How then did Socrates act? He used to compel his adversary in disputation to bear testimony to him, and he wanted no other witness.1 Therefore he could say, 'I care not for other witnesses, but I am always satisfied with the evidence (testimony) of my adversary, and I do not ask the opinion of others, but only the opinion of him who is disputing with me.' For he used to make the conclusions drawn from natural notions2 so plain that every man saw the contradiction (if it existed) and withdrew from it (thus): Does the envious3 man rejoice? By no means, but he is rather pained.4 Well, Do you think that envy is pain over evils? and what envy is there of evils? Therefore he made his adversary say that envy is pain over good things. Well then, would any man envy those who are nothing to him? By no means. Thus having completed the notion and distinctly fixed it he would go away without saying to his adversary, Define to me envy; and if the adversary had defined envy, he did not say, You have defined it badly, for the terms of the definition do not correspond to the thing defined—These are technical terms, and for this reason disagreeable and hardly intelligible to illiterate men, which terms we (philosophers) cannot lay aside. But that the illiterate man himself, who follows the appearances presented to him, should be able to concede any thing or reject it, we can never by the use of these terms move him to do.5 Accordingly being conscious of our own inability, we do not attempt the thing; at least such of us as have any caution do not. But the greater part and the rash, when they enter into such disputations, confuse themselves and confuse others; and finally abusing their adversaries and abused by them, they walk away. Now this was the first and chief peculiarity of Socrates, never to be irritated in argument, never to utter any thing abusive, any thing insulting, but to bear with abusive persons and to put an end to the quarrel. If you would know what great power he had in this way, read the Symposium of Xenophon,6 and you will see how many quarrels he put an end to. Hence with good reason in the poets also this power is most highly praised,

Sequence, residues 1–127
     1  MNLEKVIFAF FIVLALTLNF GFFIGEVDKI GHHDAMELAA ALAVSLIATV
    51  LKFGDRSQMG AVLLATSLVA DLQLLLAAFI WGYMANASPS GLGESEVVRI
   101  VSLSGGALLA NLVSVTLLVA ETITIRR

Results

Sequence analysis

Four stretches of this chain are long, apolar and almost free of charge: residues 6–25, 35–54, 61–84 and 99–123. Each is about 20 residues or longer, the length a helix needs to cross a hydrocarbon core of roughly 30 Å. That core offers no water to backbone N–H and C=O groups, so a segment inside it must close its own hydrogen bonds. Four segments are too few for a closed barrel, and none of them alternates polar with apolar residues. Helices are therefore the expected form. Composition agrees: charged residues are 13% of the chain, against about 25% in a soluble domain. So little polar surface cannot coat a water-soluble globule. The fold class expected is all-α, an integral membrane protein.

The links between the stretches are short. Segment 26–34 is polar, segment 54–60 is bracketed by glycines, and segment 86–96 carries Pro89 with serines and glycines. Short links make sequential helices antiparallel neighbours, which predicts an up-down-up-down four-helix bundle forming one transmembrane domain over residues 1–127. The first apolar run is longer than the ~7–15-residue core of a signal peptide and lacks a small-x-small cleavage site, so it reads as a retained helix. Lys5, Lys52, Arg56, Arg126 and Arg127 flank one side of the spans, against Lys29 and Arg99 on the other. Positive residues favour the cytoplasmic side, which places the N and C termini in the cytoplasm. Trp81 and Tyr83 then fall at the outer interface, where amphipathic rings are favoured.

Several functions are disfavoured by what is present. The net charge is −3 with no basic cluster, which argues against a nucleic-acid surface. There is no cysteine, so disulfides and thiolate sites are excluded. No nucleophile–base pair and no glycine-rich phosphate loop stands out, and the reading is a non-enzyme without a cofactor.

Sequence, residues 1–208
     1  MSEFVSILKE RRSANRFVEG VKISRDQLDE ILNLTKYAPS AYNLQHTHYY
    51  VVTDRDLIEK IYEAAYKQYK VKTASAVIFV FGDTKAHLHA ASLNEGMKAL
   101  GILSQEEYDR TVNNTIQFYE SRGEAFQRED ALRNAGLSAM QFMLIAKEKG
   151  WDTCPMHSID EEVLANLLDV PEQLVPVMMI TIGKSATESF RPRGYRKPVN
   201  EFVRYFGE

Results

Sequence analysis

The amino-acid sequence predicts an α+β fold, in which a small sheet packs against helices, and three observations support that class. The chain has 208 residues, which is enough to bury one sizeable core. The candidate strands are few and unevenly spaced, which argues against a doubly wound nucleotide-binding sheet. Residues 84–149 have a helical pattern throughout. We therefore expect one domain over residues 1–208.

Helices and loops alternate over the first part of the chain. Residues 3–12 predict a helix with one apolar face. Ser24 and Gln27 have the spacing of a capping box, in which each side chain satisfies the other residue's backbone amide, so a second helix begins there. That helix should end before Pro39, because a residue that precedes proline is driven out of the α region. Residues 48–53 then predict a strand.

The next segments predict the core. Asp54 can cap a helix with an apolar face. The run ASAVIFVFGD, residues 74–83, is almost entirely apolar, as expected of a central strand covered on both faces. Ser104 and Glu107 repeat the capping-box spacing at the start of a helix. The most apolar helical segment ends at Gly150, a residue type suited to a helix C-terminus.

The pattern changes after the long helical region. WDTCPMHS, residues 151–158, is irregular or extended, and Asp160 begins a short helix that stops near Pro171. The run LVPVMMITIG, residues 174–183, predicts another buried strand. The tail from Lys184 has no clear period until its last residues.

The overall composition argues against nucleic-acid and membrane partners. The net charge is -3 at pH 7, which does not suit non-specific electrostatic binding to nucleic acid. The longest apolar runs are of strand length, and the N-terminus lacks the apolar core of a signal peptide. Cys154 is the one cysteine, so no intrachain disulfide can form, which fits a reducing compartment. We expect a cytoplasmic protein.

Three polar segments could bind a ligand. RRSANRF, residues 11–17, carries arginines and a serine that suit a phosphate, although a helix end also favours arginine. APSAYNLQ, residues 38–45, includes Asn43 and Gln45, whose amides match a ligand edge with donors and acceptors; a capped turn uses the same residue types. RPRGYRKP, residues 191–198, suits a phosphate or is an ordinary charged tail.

Quickly with skill he settles great disputes. Hesiod, Theogony, v. 87.